Eastern European Young People in Brexit Britain: Racism, Anxiety and a Precarious Future [Research and Policy Briefing No.1]

Daniela Sime, Emmaleena Kakela, Stephen Corson, Naomi Tyrell, Christina McMellon, Claire Kelly, Marta Moskal

Research output: Book/ReportOther report

Abstract

Here to Stay? is a research project which explores the lives of young people who arrived in the UK as migrant children from Central and Eastern Europe (CEE). It focuses on young people aged 12-18 who migrated after the EU enlargement in 2004 and have lived in the UK for at least 3 years. The project explores how migration and current immigration policies are impacting their lives, how satisfied they are with local services, the quality of their relationships, and what are their feelings of identity and belonging in the UK. The study is important because it presents the first analysis since the Brexit Referendum on how current plans for Britain to leave the European Union are impacting on young Eastern Europeans’ lives. We have gathered the opinions and experiences of over 1,100 young people on a range of issues, including Brexit, their participation in communities and access to services, their experiences of racism and exclusion, their relationships, well-being and plans for future now that the UK is planning to leave the EU. These Briefings aim to inform a wide range of audiences on the experiences of young Eastern Europeans living in contemporary Britain. The Briefings should also help local authorities and other organisations develop policies and improve services for young people, taking into account their needs and experiences.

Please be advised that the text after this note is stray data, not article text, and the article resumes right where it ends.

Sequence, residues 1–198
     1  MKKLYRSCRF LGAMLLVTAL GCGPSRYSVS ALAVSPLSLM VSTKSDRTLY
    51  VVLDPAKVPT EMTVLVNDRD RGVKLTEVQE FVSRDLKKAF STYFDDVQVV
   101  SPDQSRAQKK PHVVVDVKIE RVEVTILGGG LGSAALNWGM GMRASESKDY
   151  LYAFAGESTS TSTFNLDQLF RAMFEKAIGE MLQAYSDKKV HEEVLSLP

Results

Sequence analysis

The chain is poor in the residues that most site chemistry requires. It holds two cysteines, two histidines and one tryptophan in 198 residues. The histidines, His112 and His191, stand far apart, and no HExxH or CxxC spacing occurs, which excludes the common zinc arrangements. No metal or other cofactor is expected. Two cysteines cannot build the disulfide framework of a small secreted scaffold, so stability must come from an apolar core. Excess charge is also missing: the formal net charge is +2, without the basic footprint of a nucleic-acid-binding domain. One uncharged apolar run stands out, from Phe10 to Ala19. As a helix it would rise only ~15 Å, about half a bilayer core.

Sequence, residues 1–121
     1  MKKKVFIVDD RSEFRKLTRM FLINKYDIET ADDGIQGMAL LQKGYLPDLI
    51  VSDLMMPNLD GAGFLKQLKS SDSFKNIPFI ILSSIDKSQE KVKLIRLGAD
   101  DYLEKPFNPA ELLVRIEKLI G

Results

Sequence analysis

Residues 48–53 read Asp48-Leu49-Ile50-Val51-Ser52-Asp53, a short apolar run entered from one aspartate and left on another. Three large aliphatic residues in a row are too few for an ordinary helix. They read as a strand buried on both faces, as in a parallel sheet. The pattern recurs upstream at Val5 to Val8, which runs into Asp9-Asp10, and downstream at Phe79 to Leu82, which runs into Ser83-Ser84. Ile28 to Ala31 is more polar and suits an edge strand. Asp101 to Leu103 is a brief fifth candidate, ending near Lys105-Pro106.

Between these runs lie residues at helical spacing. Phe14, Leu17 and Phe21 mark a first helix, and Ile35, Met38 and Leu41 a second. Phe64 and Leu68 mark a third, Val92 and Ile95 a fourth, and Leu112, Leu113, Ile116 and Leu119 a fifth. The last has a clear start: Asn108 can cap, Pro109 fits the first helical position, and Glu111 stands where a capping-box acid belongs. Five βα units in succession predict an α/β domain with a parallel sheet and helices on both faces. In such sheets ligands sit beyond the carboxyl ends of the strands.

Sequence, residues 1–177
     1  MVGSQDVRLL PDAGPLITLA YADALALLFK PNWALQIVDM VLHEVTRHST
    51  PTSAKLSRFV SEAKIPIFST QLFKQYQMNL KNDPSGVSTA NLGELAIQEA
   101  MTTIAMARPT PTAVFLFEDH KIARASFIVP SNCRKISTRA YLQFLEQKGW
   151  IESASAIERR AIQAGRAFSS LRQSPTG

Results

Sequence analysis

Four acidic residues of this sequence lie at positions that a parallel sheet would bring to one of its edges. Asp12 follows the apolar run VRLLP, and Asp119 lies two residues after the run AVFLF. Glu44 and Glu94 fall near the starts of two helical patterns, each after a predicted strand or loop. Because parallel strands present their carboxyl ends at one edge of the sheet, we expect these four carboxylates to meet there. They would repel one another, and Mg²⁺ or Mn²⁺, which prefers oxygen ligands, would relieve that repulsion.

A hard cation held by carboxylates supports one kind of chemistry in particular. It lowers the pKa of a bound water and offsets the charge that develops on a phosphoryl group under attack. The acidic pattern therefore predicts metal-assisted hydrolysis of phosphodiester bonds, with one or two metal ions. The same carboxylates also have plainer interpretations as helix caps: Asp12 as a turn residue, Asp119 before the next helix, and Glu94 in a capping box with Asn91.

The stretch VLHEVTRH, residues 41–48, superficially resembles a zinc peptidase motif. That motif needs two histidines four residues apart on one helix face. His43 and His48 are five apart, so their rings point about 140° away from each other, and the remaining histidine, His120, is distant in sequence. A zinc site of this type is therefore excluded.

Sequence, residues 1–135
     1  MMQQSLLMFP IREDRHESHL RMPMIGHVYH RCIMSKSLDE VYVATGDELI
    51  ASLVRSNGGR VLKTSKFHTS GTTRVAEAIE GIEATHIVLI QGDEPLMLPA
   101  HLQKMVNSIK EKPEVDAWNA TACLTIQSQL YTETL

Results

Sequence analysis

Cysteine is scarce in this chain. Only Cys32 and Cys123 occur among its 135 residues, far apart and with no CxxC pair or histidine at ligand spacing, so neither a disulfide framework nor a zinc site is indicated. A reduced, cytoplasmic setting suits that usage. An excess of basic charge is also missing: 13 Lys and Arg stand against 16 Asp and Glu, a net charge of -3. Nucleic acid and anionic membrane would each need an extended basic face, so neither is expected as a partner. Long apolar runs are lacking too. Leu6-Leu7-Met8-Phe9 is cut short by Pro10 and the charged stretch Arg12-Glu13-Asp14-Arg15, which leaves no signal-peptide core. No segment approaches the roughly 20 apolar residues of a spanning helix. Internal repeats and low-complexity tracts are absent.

LanguageEnglish
Place of PublicationGlasgow
PublisherUniversity of Strathclyde
Number of pages6
Publication statusPublished - 10 Nov 2017

Fingerprint

racism
anxiety
experience
EU
immigration policy
referendum
Central Europe
Eastern Europe
research project
exclusion
migrant
well-being
migration
planning
participation
community

Keywords

  • immigration
  • Brexit
  • Britain
  • racism
  • European Union
  • Central and Eastern Europe (CEE)
  • social exclusion

Cite this

Sime, D., Kakela, E., Corson, S., Tyrell, N., McMellon, C., Kelly, C., & Moskal, M. (2017). Eastern European Young People in Brexit Britain: Racism, Anxiety and a Precarious Future [Research and Policy Briefing No.1]. Glasgow: University of Strathclyde.
Sime, Daniela ; Kakela, Emmaleena ; Corson, Stephen ; Tyrell, Naomi ; McMellon, Christina ; Kelly, Claire ; Moskal, Marta. / Eastern European Young People in Brexit Britain : Racism, Anxiety and a Precarious Future [Research and Policy Briefing No.1]. Glasgow : University of Strathclyde, 2017. 6 p.
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Sime, D, Kakela, E, Corson, S, Tyrell, N, McMellon, C, Kelly, C & Moskal, M 2017, Eastern European Young People in Brexit Britain: Racism, Anxiety and a Precarious Future [Research and Policy Briefing No.1]. University of Strathclyde, Glasgow.

Eastern European Young People in Brexit Britain : Racism, Anxiety and a Precarious Future [Research and Policy Briefing No.1]. / Sime, Daniela; Kakela, Emmaleena; Corson, Stephen; Tyrell, Naomi; McMellon, Christina; Kelly, Claire; Moskal, Marta.